Columnstore indexes on memory-optimized tables are memory-resident, and their size counts toward the memory-optimized data cap, which is per-DB."

  6. What about compression? From what i understand, the compressed pages are also compressed in Ram. If you compress your data, you could have more data in buffer pool than before? Isn't the data decompressed when sent to output buffer? If thats the case, you will have a "bigger" buffer pool depending on compression ratio.

    • Right, if you go back to the article you'll see I mention that you can get some level of memory relief now even if you aren't going to use these newer features:

      "And if you can't use ColumnStore for whatever reason (or it still won't fit into 32GB), you can now implement traditional page or row compression – this might not allow you to fit your entire database into the 128GB buffer pool, but it might enable more of your data to be in memory at any given time."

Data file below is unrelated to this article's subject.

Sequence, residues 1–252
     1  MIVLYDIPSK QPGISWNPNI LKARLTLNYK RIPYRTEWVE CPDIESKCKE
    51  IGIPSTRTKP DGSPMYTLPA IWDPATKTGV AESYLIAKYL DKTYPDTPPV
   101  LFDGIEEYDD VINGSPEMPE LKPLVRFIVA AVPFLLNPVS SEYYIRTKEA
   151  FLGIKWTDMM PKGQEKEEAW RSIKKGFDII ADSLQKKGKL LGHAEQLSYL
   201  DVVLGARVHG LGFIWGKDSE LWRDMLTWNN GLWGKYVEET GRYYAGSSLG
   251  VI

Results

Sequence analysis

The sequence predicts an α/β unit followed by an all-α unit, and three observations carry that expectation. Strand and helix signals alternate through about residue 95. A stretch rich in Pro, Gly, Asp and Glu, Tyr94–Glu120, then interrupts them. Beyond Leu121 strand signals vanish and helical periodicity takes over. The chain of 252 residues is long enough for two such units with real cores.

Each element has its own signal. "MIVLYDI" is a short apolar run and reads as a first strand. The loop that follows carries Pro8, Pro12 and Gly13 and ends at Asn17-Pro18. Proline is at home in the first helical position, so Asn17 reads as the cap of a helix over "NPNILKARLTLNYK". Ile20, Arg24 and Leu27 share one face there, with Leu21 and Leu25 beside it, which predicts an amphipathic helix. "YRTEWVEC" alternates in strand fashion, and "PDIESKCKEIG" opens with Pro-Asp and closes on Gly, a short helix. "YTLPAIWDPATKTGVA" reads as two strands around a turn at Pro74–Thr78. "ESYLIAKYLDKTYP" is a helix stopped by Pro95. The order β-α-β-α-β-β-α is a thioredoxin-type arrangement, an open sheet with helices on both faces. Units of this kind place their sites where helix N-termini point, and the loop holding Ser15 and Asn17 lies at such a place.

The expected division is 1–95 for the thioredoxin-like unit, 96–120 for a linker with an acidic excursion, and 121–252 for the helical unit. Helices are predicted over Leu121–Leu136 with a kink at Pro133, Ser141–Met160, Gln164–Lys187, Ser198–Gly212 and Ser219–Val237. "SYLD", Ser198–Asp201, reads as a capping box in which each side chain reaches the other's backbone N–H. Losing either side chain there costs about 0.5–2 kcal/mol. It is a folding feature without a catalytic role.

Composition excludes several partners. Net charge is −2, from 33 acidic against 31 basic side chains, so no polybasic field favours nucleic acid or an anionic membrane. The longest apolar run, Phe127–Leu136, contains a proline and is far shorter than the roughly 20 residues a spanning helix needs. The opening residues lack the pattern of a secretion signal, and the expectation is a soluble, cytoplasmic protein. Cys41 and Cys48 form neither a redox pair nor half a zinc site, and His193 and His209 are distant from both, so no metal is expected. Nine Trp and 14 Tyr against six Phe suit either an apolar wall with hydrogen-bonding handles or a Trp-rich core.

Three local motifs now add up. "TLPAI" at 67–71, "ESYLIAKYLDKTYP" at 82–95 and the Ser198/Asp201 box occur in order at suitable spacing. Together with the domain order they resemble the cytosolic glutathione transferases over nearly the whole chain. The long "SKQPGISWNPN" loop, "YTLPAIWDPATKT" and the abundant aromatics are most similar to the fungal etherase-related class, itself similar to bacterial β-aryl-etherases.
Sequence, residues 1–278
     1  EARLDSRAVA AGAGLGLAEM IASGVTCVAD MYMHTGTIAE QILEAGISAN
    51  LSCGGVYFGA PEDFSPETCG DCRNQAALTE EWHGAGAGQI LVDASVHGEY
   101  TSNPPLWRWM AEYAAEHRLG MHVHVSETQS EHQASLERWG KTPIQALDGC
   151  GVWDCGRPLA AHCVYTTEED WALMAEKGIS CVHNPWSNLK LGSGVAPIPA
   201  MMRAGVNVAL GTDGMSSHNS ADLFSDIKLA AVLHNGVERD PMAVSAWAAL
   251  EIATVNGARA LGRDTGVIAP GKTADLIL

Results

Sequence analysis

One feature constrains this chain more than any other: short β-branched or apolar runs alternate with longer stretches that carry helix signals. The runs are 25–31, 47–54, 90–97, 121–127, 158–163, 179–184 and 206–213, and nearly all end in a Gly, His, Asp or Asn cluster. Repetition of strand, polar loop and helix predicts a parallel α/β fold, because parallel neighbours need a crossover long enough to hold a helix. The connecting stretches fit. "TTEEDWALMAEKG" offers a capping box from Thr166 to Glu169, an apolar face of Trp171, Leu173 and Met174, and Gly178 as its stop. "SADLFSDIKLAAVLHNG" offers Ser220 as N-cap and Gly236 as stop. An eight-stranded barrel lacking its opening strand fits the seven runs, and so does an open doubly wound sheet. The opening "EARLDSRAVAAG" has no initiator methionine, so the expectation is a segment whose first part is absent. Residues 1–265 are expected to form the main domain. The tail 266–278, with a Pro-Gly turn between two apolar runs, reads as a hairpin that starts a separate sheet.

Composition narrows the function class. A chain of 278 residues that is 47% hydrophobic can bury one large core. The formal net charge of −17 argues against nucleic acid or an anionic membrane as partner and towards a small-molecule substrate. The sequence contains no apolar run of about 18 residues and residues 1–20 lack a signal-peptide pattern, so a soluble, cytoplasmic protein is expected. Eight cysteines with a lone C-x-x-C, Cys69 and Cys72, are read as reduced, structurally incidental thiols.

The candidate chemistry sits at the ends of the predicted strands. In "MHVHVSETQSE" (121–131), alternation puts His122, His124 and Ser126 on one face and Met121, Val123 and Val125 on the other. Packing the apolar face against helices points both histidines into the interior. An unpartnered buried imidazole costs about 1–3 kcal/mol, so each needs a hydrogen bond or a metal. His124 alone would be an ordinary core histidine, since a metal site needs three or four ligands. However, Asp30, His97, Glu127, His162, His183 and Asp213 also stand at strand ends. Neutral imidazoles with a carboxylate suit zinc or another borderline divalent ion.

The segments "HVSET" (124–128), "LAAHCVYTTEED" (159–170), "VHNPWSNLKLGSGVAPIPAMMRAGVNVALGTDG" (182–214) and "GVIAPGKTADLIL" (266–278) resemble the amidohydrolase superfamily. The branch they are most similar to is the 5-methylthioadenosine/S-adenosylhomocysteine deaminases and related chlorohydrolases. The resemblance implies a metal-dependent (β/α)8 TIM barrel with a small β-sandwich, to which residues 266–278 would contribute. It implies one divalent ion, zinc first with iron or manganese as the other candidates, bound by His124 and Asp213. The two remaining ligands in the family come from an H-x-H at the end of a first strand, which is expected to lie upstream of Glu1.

As for your further question, from the very beginning of the feature, Data Compression: Strategy, Capacity Planning and Best Practices has said:

      "There is no in-memory, decompressed copy of the compressed page."

      The same document explains that data is only decompressed when it is "read for filtering, sorting, joining, as part of a query response" or "updated by an application."

      Compression ratio can certainly have an impact on your buffer pool size, but better compression ratios can't lead to worse numbers there.

      In fact, if the buffer pool contained decompressed copies of the data, that would largely defeat the purpose of compression in the first place (which isn't just about saving disk space).

  7. How do buffer pool extensions factor into the new SQL 2016 SP1 Standard Edition buffer pool memory limits?

    • H John, sorry about the delay. No changes here. Buffer Pool Extensions can still use up to 4x BP in Standard Edition and 32x BP in Enterprise Edition.